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Bank of England to keep rates on hold to combat inflation PDF Print E-mail
Friday, 06 June 2008

AFP, LONDON - The Bank of England was expected to keep interest rates at 5.0 percent on Thursday to combat inflation driven by soaring oil and food prices despite concerns over slowing growth and the housing market, analysts said.

Economists forecast that the British central bank would make no change to its key "repo" rate -- at which it lends cash to commercial banks -- after a two-day meeting that begins on Wednesday.

"It appears to be a stone-dead certainty that interest rates will remain at 5.0 percent even though the economy continues to weaken and house prices are currently heading south at an increasing rate," said economist Howard Archer at the Global Insight consultancy in London.

"This reflects the fact that inflation pressures and risks have increased appreciably despite the ongoing slowdown in growth."

Meanwhile on Thursday, the European Central Bank was also expected to hold eurozone borrowing costs at 4.0 percent amid record eurozone inflation and signs of resilient economic growth.

The Bank of England's nine-strong monetary policy committee (MPC) kept rates at 5.0 percent last month, ruling out back-to-back cuts to help stimulate economic growth as inflation remained high amid record-high oil prices.

Since the May rate decision, however, oil prices have rocketed even higher to above 135 dollars, sparking international concern and stoking inflationary pressures.

"A cut in rates from the MPC on Thursday still looks off the cards on concerns over inflation and we expect the committee to leave the Bank rate on hold at 5.0 percent," said Investec economist Philip Shaw.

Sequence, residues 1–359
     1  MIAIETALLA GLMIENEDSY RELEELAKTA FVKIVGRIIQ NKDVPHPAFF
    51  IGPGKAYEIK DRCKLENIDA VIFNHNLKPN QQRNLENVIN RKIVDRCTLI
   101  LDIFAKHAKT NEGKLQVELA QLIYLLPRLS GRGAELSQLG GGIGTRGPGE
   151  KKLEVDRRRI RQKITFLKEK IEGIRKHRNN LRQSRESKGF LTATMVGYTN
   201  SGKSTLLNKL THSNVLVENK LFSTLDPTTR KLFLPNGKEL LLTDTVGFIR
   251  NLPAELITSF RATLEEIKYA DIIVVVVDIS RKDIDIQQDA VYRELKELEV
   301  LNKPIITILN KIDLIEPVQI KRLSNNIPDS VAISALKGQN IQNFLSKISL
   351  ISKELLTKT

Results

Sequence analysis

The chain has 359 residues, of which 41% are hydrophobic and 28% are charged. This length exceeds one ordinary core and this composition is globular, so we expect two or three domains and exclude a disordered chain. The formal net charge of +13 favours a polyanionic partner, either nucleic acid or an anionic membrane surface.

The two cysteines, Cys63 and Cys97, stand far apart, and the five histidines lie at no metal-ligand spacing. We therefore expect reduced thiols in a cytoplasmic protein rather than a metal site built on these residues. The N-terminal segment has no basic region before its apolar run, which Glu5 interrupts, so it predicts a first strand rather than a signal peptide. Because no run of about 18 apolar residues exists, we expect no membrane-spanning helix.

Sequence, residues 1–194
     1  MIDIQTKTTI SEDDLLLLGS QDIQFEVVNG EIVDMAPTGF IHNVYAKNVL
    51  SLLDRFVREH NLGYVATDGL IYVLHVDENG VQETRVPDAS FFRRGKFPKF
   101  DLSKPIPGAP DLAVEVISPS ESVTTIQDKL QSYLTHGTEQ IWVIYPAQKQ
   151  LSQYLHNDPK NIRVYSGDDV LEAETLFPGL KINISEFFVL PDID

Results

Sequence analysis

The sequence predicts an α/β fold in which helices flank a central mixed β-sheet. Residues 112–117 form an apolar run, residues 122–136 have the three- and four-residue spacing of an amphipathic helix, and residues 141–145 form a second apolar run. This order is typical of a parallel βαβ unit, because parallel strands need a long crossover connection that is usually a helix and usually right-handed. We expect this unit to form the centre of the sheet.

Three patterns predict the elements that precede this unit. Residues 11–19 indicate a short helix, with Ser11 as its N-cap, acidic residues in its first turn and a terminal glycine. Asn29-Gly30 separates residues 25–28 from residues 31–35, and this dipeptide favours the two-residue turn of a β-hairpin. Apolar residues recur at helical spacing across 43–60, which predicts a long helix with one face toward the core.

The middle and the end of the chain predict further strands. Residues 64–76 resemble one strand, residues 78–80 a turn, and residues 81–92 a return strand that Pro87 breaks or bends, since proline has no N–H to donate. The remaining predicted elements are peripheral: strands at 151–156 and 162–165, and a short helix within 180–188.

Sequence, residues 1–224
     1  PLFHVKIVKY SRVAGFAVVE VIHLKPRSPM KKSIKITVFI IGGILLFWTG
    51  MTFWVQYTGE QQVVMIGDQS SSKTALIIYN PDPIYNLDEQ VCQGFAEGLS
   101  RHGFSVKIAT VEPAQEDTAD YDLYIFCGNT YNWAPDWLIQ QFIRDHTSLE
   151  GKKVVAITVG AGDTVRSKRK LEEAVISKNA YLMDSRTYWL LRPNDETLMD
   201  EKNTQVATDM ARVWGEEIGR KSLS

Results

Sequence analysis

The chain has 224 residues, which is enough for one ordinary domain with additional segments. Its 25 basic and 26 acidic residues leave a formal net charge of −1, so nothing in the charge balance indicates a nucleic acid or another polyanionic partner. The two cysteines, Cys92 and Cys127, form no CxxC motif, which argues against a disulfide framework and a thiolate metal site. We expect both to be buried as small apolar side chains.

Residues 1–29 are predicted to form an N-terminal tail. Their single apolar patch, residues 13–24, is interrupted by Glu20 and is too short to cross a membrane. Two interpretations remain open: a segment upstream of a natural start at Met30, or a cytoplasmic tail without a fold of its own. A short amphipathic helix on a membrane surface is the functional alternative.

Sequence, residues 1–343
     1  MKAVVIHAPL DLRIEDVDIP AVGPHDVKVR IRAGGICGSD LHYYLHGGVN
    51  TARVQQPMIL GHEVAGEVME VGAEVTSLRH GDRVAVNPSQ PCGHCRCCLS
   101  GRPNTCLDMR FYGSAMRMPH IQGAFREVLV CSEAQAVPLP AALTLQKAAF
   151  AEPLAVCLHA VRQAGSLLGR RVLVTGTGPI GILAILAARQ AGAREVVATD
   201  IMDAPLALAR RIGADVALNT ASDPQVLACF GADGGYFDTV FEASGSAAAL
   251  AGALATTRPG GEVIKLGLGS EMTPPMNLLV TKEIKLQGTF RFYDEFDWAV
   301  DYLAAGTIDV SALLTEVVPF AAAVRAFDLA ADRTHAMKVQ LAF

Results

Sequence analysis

The BoE, whose chief task is to keep annual inflation close to a 2.0-percent target, warned last month that it could spike as high as 3.6 percent.

Inflation in April hit 3.0 percent after 2.5 percent in March, marking the fastest acceleration in the 12-month figure since July 2002, driven largely by soaring domestic energy and food prices.

"The jump in inflation in April has taken further near-term interest rate cuts off the agenda," said Capital Economics analyst Jonathan Loynes.

"Indeed, the MPC is unlikely to want to cut rates while inflation is above three percent and rising towards four percent, as (inflation) is likely to do as higher petrol and utility prices rise further."

In April, the BoE cut rates by a quarter-point as it sought to balance the risks of rising near-term inflation and an economic slowdown resulting from the global credit crunch.

Britain's economy grew 0.4 percent in the first quarter compared with the final three months of 2007, the weakest showing in three years.

In line with most major economies, Britain faces slower economic growth this year because of the ongoing global credit crunch that erupted last year and stemmed from the collapse of the US subprime or high-risk home loan sector.

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